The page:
M A J O R A R T I C L E
Secular Trends in Nosocomial Bloodstream
Infections: Antibiotic-Resistant Bacteria
Increase the Total Burden of Infection
H. S. M. Ammerlaan,1S. Harbarth,7A. G. M. Buiting,8D. W. Crook,4F. Fitzpatrick,9H. Hanberger,10,11L. A. Herwaldt,12,13,14
P. H. J. van Keulen,4J. A. J. W. Kluytmans,3,4,5A. Kola,15,17R. S. Kuchenbecker,18E. Lingaas,19N. Meessen,6 M. M. Morris-Downes,9J. M. Pottinger,14P. Rohner,7R. P. dos Santos,18H. Seifert,16H. Wisplinghoff,16
S. Ziesing,17A. S. Walker,8and M. J. M. Bonten1,2
1Department of Medical Microbiology, and2Julius Center for Health Sciences and Primary Care, University Medical Center Utrecht,3Department of
Medical Microbiology, St Elisabeth Hospital, Tilburg,4Laboratory for Microbiology and Infection Control, Amphia Hospital, Breda,5Department of
Medical Microbiology and Infectious Diseases, VU Medical Center, Amsterdam, and6Department of Medical Microbiology, University Medical Center,
Groningen, The Netherlands;7Infection Control Program, Geneva University Hospitals and Medical School, Geneva, Switzerland;8NIHR Oxford
Biomedical Research Centre, John Radcliffe Hospital, Oxford, United Kingdom;9Department of Microbiology, Beaumont Hospital, Dublin, Ireland; 10Division of Infectious Diseases, Department of Clinical and Experimental Medicine, Faculty of Health Sciences, Linköping University, and 11Department of Infectious Diseases in Östergötland, County Council of Östergötland, Linköping, Sweden;12Department of Internal Medicine,
University of Iowa College of Medicine,13Department of Epidemiology, University of Iowa College of Public Health, and14Ofﬁce of Quality, Safety, and
Performance Improvement, University of Iowa Hospitals and Clinics, Iowa City;15Institute of Hygiene and Environmental Medicine, Charité University
Medicine Berlin,16Immunology and Hygiene, Institute for Medical Microbiology, University of Cologne, and17Institute for Medical Microbiology and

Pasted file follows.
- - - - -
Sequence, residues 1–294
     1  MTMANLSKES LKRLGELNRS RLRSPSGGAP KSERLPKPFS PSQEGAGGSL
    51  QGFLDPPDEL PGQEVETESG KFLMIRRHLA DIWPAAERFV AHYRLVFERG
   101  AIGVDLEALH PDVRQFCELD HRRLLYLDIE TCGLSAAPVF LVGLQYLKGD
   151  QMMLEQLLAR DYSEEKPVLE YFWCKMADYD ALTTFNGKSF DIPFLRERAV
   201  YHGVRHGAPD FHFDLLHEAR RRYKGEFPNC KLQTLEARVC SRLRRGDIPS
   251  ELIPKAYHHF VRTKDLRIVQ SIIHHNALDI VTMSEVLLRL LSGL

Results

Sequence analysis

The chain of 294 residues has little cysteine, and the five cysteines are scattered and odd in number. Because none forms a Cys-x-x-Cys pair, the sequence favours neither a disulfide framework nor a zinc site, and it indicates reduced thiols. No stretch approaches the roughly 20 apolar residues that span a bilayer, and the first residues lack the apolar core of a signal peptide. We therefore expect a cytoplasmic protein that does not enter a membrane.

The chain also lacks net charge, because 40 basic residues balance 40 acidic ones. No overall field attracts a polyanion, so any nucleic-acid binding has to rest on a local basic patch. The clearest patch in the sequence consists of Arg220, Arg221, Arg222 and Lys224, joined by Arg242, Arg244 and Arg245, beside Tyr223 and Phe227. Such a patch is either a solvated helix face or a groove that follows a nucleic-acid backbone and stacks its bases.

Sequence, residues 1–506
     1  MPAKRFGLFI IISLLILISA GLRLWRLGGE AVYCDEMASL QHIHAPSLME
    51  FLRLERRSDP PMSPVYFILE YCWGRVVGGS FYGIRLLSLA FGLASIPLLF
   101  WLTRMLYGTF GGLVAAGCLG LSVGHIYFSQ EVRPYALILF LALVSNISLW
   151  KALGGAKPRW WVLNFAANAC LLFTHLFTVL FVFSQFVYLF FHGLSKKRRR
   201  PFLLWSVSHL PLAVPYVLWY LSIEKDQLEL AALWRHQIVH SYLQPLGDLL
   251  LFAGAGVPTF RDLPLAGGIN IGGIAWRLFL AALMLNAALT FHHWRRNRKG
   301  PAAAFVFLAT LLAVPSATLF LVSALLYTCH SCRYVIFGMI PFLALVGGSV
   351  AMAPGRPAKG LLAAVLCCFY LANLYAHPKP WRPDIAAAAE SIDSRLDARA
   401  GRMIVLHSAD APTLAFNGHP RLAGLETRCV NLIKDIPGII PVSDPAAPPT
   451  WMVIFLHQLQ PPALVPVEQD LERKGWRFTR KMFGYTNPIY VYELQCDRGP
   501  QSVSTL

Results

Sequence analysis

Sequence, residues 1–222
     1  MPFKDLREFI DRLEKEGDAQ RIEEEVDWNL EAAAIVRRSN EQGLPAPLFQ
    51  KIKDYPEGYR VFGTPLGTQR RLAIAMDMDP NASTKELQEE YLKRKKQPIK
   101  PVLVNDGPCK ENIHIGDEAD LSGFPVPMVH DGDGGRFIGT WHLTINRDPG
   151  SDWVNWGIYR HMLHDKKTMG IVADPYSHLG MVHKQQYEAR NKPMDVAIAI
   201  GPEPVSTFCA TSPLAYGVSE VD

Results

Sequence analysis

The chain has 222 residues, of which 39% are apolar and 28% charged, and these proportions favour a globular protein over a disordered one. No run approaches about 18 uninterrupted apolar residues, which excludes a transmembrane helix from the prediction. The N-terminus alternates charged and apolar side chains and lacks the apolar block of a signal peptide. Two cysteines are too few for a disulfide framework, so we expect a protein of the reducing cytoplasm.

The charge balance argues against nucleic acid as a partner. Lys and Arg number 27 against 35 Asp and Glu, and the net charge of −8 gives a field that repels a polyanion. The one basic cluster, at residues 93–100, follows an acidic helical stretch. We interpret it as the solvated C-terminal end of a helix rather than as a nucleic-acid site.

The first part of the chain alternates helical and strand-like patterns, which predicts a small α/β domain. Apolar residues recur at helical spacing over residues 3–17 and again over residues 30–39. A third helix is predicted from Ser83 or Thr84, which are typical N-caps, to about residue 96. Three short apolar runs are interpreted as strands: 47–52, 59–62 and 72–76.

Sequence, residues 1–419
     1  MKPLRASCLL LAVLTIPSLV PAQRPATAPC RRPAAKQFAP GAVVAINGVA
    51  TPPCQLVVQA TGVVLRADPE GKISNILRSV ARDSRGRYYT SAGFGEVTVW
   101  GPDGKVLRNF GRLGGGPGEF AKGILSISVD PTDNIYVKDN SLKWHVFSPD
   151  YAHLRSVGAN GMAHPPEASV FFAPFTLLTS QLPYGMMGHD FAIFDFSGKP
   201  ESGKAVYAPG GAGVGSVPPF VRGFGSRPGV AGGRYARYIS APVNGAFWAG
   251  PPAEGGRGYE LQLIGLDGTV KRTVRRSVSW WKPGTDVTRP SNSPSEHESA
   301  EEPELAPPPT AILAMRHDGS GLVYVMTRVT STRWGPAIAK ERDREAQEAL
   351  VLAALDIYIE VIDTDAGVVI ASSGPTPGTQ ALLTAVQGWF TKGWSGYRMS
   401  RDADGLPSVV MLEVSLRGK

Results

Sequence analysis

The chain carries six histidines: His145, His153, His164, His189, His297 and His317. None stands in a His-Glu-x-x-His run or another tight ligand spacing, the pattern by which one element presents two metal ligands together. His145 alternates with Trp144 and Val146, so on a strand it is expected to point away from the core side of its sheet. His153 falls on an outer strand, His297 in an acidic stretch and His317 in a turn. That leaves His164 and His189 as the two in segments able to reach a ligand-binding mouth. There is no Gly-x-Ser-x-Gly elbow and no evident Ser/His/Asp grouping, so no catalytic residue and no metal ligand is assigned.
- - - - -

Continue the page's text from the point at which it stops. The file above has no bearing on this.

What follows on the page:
Hospital Epidemiology, Hannover Medical School, Germany;18Hospital de Clinicas de Porto Alegre, UFRGS, Porto Alegre, Brazil; and19Department of
Infection Prevention, Oslo University Hospital–Rikshospitalet, Oslo, Norway
Background. It is unknown whether rising incidence rates of nosocomial bloodstream infections (BSIs) caused by antibiotic-resistant bacteria (ARB) replace antibiotic-susceptible bacteria (ASB), leaving the total BSI rate unaffected.
Methods. We investigated temporal trends in annual incidence densities (events per 100 000 patient-days) of nosocomial BSIs caused by methicillin-resistant Staphylococcus aureus (MRSA), ARB other than MRSA, and ASB in 7 ARB-endemic and 7 ARB-nonendemic hospitals between 1998 and 2007.
Results. 33 130 nosocomial BSIs (14% caused by ARB) yielded 36 679 microorganisms. From 1998 to 2007, the MRSA incidence density increased from 0.2 to 0.7 (annual increase, 22%) in ARB-nonendemic hospitals, and from 3.1 to 11.7 (annual increase, 10%) in ARB-endemic hospitals (P = .2), increasing the incidence density diffe-rence between ARB-endemic and ARB-nonendemic hospitals from 2.9 to 11.0. The non-MRSA ARB incidence density increased from 2.8 to 4.1 (annual increase, 5%) in ARB-nonendemic hospitals, and from 1.5 to 17.4 (annual increase, 22%) in ARB-endemic hospitals (P < .001), changing the incidence density difference from−1.3 to 13.3. Trends in ASB incidence densities were similar in both groups (P = .7). With annual increases of 3.8% and 5.4% of all nosocomial BSIs in ARB-nonendemic and ARB-endemic hospitals, respectively (P < .001), the overall incidence density difference of 3.8 increased to 24.4.